Walmart, Walgreens, Target and Petco Among Retail Laggards, While Apple and Best Buy Are Leaders; Report Provides Tips for Consumers and Workers to Minimize Their Exposure to Receipts.
May 10, 2018//Washington DC// Nearly every U.S. consumer handles a dozen paper receipts every week, and retail store employees may touch thousands in the same time. But few are aware of the toxic nature of the paper receipts, which utilize Bisphenol-A (BPA) or Bisphenol-S (BPS). Even fewer know of the major environmental and climate harms linked to the receipts, which are an easily avoided now that non-BPA receipts and digital sales confirmations are readily available, according to a new report from Green America.
Titled “Skip the Slip,” the new Green America analysis available online at https://www.greenamerica.org/report-skip-the-slip finds:
- Only one-third of retailers have adopted digital options, and the vast majority of retailers issuing paper-based receipts continue to use papers with BPA or BPS coatings. Among the leaders identified in the report as having moved away from BPA/BPS receipts are Apple, Best Buy, GNC Live Well and Lidl Grocery. Laggards cited in the report as still using traditional paper receipts are Family Dollar, Petco, Target, TJ Maxx/Marshalls, Walgreens and Walmart. The report also finds that several companies, including CVS and Whole Foods offer digital receipts, but primarily give customers BPA or BPS receipts.
- An estimated 93 percent of paper receipts are coated with Bisphenol-A (BPA) or Bisphenol-S (BPS), known endocrine-disruptors. Paper receipts coated with BPA contain between 0.8 to nearly 3 percent pure BPA by weight. The total mass of BPA on a receipt is 250 to 1,000 times greater than the amount of BPA found in a can of food or baby formula, or in plastic baby bottles. Retail employees are at the greatest risk, as studies show workers who have regular contact with receipts have over 30 percent more BPA or BPS found in their bodies, and many employees may exceed the European Union’s limit for safe amount of BPA to absorb in a day.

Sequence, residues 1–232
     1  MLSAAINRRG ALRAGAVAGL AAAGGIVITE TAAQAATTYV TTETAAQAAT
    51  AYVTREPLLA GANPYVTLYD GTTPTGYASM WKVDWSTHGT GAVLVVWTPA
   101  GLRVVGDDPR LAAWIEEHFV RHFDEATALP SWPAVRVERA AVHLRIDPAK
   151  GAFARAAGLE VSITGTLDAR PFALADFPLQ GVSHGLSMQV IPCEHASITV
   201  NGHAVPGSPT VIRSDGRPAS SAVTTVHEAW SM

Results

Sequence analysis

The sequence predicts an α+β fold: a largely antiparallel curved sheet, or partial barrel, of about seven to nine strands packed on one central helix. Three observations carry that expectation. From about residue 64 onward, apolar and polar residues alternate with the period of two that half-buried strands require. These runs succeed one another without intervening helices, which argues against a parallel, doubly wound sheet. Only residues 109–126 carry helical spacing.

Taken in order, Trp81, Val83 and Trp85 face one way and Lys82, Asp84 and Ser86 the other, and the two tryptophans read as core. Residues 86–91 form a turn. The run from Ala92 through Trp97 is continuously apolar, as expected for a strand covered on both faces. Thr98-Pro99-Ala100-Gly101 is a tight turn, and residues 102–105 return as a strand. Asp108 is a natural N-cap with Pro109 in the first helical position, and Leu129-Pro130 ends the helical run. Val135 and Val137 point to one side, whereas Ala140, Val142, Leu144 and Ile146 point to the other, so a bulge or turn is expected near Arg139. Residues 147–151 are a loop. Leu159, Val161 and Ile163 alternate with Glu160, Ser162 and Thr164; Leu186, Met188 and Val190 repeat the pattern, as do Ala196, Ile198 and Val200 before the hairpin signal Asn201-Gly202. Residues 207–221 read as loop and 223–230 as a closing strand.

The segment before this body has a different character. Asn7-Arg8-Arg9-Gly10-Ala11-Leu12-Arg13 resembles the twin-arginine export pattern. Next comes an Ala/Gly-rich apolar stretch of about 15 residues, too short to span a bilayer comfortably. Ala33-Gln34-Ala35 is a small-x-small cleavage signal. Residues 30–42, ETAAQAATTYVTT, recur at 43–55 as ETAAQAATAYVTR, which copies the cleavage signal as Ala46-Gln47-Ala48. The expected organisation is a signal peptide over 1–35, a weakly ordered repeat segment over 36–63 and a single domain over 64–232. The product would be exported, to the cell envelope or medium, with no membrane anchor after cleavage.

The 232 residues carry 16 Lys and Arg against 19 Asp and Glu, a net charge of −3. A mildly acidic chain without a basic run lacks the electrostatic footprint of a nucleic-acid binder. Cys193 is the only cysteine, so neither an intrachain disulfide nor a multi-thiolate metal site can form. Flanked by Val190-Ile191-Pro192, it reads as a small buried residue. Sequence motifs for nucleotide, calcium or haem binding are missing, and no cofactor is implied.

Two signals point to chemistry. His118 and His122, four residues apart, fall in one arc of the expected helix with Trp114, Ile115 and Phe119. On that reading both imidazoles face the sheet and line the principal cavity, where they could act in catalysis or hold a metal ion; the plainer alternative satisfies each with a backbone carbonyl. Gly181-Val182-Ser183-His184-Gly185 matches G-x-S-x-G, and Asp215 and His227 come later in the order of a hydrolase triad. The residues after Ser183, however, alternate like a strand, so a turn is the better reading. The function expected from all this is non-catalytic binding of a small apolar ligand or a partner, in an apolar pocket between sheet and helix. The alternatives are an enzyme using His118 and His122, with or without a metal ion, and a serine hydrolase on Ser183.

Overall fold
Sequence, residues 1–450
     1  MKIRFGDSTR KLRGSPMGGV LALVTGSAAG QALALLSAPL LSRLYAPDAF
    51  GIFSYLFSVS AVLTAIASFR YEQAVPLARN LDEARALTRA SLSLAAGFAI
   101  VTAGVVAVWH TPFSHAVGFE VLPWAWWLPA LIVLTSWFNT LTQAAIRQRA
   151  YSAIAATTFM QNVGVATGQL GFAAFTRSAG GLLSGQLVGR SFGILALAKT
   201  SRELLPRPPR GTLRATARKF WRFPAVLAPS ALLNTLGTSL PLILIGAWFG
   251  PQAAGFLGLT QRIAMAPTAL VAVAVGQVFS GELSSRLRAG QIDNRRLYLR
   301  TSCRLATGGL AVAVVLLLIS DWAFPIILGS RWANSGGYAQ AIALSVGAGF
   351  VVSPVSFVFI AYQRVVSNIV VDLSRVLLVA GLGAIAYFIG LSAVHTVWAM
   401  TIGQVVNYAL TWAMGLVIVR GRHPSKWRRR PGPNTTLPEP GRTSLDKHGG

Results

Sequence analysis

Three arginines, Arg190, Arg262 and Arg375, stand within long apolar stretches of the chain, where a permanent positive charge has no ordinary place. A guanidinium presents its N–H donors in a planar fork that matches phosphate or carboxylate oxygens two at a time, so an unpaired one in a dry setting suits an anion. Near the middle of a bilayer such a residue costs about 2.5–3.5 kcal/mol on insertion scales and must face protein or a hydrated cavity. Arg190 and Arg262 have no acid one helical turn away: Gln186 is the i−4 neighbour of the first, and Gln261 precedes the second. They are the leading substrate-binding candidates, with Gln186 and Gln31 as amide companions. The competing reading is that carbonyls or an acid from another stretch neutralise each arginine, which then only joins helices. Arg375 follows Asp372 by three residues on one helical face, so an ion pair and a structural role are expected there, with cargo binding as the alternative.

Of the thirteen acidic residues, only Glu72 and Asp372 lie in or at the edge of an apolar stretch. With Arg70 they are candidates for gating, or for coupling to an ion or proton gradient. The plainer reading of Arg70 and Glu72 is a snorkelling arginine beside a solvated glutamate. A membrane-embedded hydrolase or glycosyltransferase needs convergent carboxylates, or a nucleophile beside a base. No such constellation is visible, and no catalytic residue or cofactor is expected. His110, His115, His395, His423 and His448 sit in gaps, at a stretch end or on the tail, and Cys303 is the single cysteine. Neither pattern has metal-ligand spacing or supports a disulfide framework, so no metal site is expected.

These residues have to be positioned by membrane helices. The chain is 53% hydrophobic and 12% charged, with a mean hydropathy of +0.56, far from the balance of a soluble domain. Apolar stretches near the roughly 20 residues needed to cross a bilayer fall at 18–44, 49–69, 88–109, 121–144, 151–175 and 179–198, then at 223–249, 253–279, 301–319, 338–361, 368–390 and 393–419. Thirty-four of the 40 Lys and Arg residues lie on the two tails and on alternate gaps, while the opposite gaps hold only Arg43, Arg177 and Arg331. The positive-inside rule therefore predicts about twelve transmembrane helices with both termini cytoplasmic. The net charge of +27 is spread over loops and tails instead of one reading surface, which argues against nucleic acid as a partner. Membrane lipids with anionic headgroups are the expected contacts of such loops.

- In the United States, paper receipt production uses an estimated 12.4 million trees, 13.2 billion gallons of water, and emits 4 billion pounds of CO2 each year. If just one company as large as Walgreens – with nearly six million customers every day – ends the use of paper receipts, over 55,000 trees and 58.8 million gallons of water are saved, and 17.6 million pounds of CO2 will be prevented from entering the atmosphere.
- Digital receipts provide a relatively low environmental impact. Each e-receipt is estimated to have a footprint of 4 grams of carbon dioxide. Since a mature tree can absorb roughly 21,772 grams of carbon dioxide each year, by keeping trees in the forests rather than using them for paper receipts, one tree can accommodate the emissions of over 5,443 digital receipt emails.